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Russia: Why Georgia Lost The War
   Next Article → INTELLIGENCE: Britain Refuses To Share

August 10, 2008: To no one's surprise, the  Russians drove back a Georgian attempt to regain control of South Ossetia. There were several hundred military and civilian casualties. The fighting apparently began when some South Ossetia militiamen fired across the border at Georgian troops. This escalated to a Georgian invasion, and a Russian reinforcement of its peacekeepers, and the expulsion of the Georgian troops. All in the space of a week. The fighting continues, with Russian warplanes bombing civilians and military targets in Georgia and moving more troops into another breakaway Georgian region, Abkhazia. Georgia has asked for a ceasefire, but the Russians have not responded.

Since the early 1990s, Russia and Georgia have argued over who should control South Ossetia, a Georgian province on the Russian border. Just to the north of South Ossetia, is the Russian territory of North Ossetia. The Soviets often split ethnic groups between two provinces (or "Autonomous Republics") to make it more difficult for the people to unite in opposition to the Soviet Union. This, among many similar measures, worked. Since the Russians moved in their peacekeepers in the early 1990s, they have issued Russian passports to the South Ossetians and, in effect, annexed the region.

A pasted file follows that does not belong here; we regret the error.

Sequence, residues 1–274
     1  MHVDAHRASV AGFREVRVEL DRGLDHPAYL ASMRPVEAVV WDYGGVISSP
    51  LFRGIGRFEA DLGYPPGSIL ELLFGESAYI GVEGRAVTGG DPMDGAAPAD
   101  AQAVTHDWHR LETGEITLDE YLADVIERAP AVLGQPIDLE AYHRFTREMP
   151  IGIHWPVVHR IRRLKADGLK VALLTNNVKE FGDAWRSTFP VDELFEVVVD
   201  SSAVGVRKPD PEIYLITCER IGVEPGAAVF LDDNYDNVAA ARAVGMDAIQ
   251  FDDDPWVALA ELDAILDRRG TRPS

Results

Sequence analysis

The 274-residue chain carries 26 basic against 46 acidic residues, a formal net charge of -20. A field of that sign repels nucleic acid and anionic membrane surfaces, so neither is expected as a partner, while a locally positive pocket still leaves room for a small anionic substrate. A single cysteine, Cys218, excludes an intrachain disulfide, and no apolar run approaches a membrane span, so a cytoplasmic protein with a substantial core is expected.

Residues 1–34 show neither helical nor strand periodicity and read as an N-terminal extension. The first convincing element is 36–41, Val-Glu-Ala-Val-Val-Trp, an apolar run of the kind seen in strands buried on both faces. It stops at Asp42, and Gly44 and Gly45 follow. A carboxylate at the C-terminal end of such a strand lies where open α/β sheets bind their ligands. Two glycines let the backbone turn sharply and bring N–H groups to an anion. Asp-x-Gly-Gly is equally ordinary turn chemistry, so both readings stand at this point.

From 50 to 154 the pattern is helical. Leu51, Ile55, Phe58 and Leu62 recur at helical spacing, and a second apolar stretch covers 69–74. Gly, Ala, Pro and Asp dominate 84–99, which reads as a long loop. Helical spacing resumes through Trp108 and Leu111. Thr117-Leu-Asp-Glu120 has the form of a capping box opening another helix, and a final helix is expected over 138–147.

The Ossertians are a different ethnic group from the ethnic Georgians, as are the Abkhazians. This sort of ethnic mélange is common throughout the Caucasus. During the last years of the Soviet Union (1989-1991), ethnic tensions increased throughout the Soviet Union, as long dormant (and suppressed by a brutal police state) aspirations stirred once more. While the Soviet politicians pulled off an astonishing feat by dissolving the empire without bloodshed (and creating fourteen new countries from portions of the empire that decided not to stay with the new Russia), there were lots of smaller groups that still had separatist grievances. Two of these groups were in Georgia, and occupied the regions of Abkhazia and South Ossetia.

The populations rebelled against the Georgian government and drove out Georgian officials, troops and ethnic Georgians. Thousands of ethnic Abkhazians and Ossetians fled to the new statelets. Since both of these areas were on the Russian border, Russia saw an opportunity to quiet things down (they did not want an ethnic based guerilla war going on along their border). So Russia offered its services as mediator and peacekeeper in the early 1990s, and peace was restored. The UN agreed all this, and a reluctant Georgia went along. But after that, the Russians refused to leave, or encourage the Abkhazians and Ossetians to work out a deal to become part of Georgia once more. Abkhazians and Ossetians wanted to be independent, and declared themselves so. No one else recognized this. In 2004, Georgia began cracking down on the smuggling and other criminal activity that was keeping the economy in South Ossetia going. This led to more and more gunfire along the border between Georgia and South Ossetia.

Two years ago, Georgia began a major expansion of its armed forces. Officially, the active forces were then about 26,000 troops, already up from about 12,000-14,000 just a couple few years before that. Unofficially, the government has raised strength to about 28,000. This was done by adding more professional troops and increasing the order-of-battle by two battalions of conscripts. The government goal is to increase the active force to about 35,000. In addition, Georgia began building a reserve force.